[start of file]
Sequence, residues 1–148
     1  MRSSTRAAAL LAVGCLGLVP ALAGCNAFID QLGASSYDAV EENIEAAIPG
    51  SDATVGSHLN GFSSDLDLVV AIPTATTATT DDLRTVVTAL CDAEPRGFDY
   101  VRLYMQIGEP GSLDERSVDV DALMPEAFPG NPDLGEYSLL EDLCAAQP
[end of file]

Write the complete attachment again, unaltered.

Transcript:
Sequence, residues 1–148
     1  MRSSTRAAAL LAVGCLGLVP ALAGCNAFID QLGASSYDAV EENIEAAIPG
    51  SDATVGSHLN GFSSDLDLVV AIPTATTATT DDLRTVVTAL CDAEPRGFDY
   101  VRLYMQIGEP GSLDERSVDV DALMPEAFPG NPDLGEYSLL EDLCAAQP